Hyundai Sells First 2,500 Kona Electric Crossovers

JUL 19 2018 BY MARK KANE 28

Hyundai highly increased its plug-in electric car sales in June reaching its all-time high result of 4,142 copies.

The total sales of IONIQ Electric, IONIQ Plug-In, Kona Electric and Sonata PHEV increased by 137% year-over-year reaching 2.9% of total volume for the brand.

The YTD number now stands at 17,522 at average 2.1% share.

The growth comes mostly from the new Kona Electric, which in June noted 2,196 sales (1,076 in South Korea and 1,120 overseas). The total sales of Kona Electric, after the first batch of 328 in May, already exceeds 2,500. The question is how many Kona Electric can be made monthly?

Having several models and especially the Kona Electric should enable Hyundai to catch up with some of bigger plug-in manufacturers.

Hyundai plug-in electric car sales – June 2018

Categories: Hyundai, Sales

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28 Comments on "Hyundai Sells First 2,500 Kona Electric Crossovers"

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Hyundai-Kia already at 10k monthly?


It will be an interesting race… I think Hyundai plans to produce a bit less than 20k Kona EVs this year, hopefully double next year. Still relatively small production but they have more models now, I can see this improving year by year to make them world leaders (aside from Tesla).

I could actually see them selling more than 20k this year. They don’t even sell in the US right now and they just arrived in Europe.

But Hyundai-Kia has had a habit of underestimating EV demand. Hopefully they’ve learned something from the Ioniq and ordered more batteries now. Who knows, but their EVs are great.

I don’t think they underestimated anything.

They simply want to keep EV production at compliance levels to not hurt their ICE sales.

This is only a hedge against Tesla having a runaway rampup (which will happen imho)

Sure, then they faked the moon landing, shot Kennedy and killed GM’s oh so popular EV1.

Car makers will sell EVs, as long as they make them money. If people were totally crazy about EVs, then they would make them just as much money as their petrol cars. Maybe even more, since people would need to spend less money on gas and more on their lease, or finance payments.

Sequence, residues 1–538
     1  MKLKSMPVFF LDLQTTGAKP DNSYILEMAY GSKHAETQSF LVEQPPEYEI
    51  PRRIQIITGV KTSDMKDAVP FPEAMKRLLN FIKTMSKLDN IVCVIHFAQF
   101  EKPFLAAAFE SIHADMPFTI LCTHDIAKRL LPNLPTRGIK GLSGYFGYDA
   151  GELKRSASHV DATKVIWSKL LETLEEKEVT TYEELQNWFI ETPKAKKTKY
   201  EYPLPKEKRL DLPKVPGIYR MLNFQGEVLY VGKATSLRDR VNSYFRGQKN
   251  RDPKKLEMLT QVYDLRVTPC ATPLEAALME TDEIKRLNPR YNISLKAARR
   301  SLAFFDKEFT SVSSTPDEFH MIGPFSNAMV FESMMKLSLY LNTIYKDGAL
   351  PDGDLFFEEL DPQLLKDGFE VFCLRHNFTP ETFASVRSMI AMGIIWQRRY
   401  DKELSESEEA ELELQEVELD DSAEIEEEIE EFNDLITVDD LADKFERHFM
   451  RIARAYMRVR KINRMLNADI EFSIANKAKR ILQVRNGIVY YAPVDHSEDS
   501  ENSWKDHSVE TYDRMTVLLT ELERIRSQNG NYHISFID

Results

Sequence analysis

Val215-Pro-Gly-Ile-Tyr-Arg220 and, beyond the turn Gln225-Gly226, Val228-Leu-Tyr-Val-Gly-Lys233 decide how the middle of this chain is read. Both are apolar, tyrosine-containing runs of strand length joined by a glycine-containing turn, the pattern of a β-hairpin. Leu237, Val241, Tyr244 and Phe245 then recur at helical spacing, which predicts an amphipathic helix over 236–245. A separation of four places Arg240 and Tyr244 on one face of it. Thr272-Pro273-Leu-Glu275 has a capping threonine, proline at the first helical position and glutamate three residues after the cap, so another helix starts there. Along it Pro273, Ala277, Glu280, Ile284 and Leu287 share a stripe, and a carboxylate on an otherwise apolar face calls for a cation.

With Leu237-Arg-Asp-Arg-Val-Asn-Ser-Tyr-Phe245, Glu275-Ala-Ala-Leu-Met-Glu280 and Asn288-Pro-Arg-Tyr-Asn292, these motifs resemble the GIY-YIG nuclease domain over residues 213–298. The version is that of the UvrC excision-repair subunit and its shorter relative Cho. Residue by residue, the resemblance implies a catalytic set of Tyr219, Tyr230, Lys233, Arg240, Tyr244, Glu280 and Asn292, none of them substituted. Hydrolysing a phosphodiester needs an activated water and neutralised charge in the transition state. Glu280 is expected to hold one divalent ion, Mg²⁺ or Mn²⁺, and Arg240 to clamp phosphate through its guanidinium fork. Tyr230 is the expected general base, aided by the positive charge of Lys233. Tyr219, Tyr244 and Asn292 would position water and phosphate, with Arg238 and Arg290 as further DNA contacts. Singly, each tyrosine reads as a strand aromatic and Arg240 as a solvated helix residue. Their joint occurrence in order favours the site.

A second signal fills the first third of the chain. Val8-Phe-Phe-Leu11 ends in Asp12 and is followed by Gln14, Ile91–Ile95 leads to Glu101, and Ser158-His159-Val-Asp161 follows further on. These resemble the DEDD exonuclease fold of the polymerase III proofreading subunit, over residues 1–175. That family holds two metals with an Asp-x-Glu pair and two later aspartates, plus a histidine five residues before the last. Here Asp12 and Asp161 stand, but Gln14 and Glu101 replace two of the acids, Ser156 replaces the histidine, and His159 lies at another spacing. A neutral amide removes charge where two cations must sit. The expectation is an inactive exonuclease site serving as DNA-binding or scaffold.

ah, an economist in the room.

yes, this was exactly Nissan’s thinking with the LEAF, sell an EV that’s $15,000 more than a crappy Versa but justified by the $3000/yr in gas savings. Then gas went to $2/gallon and that salespitch went away.

Tesla is still doing this tho, on their price configurator page.

Nissan Leaf deliveries in 2018:

About 100,000?

That 100k is close for the Leaf, maybe it’s safe to factor in a (+ or -) 10k variable, in either direction.

Have they sold Kona Electric in the US yet?

No, and it will be California only (like the Ioniq Electric) for some time. Then Section 177/ZEV states before release nationwide. That was also the plan on the Ioniq, but it hasn’t made it anywhere but CA yet.

Hyundai, how about telling your dealers what your plans are, for both the Kona and Ioniq Electric? They’re clueless.

The reason Hyundai dealers does not know about the Kona and Ioniq EV is that Hyundai is like Tesla, they serve the home market first and only when it is satisfied they start to offer larger numbers of EVs to other countries.

Thank you for calling it a crossover, and not an SUV. Although, just calling it a hatchback would be even better.

If you notice, the Kona scored the best “SUV” score in the latest NYTimes “Mudfest”:

This was the ICE AWD the EV Kona is only Front wheel drive.

Allow me to pull some numbers out of my rear end. 9/10 people who purchase an SUV don’t intend to take it offroad. Now days, SUVs are simply utility vehicles that have a particular shape. And that’s OK. Today’s car frames are more capable than those of the past. And there is not actually any difference between a crossover and a hatchback except for perhaps 2″ ground clearance and generally accepted differences in shape. Why do YOU feel “hatchback” is the more correct terminology here?

Would “elevated station wagon” work for everybody? SUVs seem to be filling the market segment that station wagons once occupied.

The Kona is about the size of the Mazda CX3 (which is universally described as a CUV), and it is definitely much taller (3-4″) than the typical hatchbacks like the Golf, the Accent or the Focus. I think CUV is the best description, in the US parlance anyway.

The CX-3 may be universally described as a CUV, but it’s pretty close to a hatch as well.

Compare the Kona EV to the Leaf:
Kona: FWD, 156.5 cm tall, 17 cm ground clearance
Leaf: FWD, 156 cm tall, 15 cm ground clearance

The iPace is also similar (but at least AWD): 156.5 cm tall, 14 cm ground clearance

One thing we can all agree on is that there is not a significant difference between a hatchback and a crossover.

Differences are indeed very small.

I didn’t want to pay MSRP for 20 more kWh vs a 2018 Leaf so I just got the Leaf for $4500 off, hope I don’t regret that decision if & when the Kona and Niro come out to CA this year and there’s more supply than what I’m expecting.

I got to drive a friend’s Rav 4 EV for a while and it was great. Nissan should totally BEV-up the Rogue already.

Or the Juke. That would be pretty cool.

1 120 overseas? Where? And by sales I assume that you mean that they are delivered also, as we normally use the word sales in here.

Deliveries in Europe has not started yet, and not in the US as far as I know either.

And not one of them came to Pennsylvania.

Hyundai has sadly and most likely no intention to ramp up production capacity of the Hyundai Kona EV to 5,000 per week.

Would be great if they did actually.

I don’t believe Hyundai has a plant in the U.S. so the tariffs will get them.